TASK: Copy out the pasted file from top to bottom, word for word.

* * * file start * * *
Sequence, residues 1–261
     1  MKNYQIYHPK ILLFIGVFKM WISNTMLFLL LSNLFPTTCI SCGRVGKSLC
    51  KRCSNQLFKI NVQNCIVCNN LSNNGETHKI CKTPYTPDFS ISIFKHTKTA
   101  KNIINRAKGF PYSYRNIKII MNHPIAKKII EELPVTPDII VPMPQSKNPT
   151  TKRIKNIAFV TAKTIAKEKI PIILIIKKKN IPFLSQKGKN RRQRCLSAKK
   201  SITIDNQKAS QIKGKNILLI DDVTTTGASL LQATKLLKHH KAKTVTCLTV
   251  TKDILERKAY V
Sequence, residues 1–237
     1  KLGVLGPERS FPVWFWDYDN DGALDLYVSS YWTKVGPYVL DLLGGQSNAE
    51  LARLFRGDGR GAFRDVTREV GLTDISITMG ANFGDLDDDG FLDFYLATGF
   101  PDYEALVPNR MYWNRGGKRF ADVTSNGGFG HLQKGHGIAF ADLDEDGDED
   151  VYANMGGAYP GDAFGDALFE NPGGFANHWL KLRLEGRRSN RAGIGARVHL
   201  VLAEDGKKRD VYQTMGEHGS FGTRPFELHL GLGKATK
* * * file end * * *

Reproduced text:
Sequence, residues 1–261
     1  MKNYQIYHPK ILLFIGVFKM WISNTMLFLL LSNLFPTTCI SCGRVGKSLC
    51  KRCSNQLFKI NVQNCIVCNN LSNNGETHKI CKTPYTPDFS ISIFKHTKTA
   101  KNIINRAKGF PYSYRNIKII MNHPIAKKII EELPVTPDII VPMPQSKNPT
   151  TKRIKNIAFV TAKTIAKEKI PIILIIKKKN IPFLSQKGKN RRQRCLSAKK
   201  SITIDNQKAS QIKGKNILLI DDVTTTGASL LQATKLLKHH KAKTVTCLTV
   251  TKDILERKAY V
Sequence, residues 1–237
     1  KLGVLGPERS FPVWFWDYDN DGALDLYVSS YWTKVGPYVL DLLGGQSNAE
    51  LARLFRGDGR GAFRDVTREV GLTDISITMG ANFGDLDDDG FLDFYLATGF
   101  PDYEALVPNR MYWNRGGKRF ADVTSNGGFG HLQKGHGIAF ADLDEDGDED
   151  VYANMGGAYP GDAFGDALFE NPGGFANHWL KLRLEGRRSN RAGIGARVHL
   201  VLAEDGKKRD VYQTMGEHGS FGTRPFELHL GLGKATK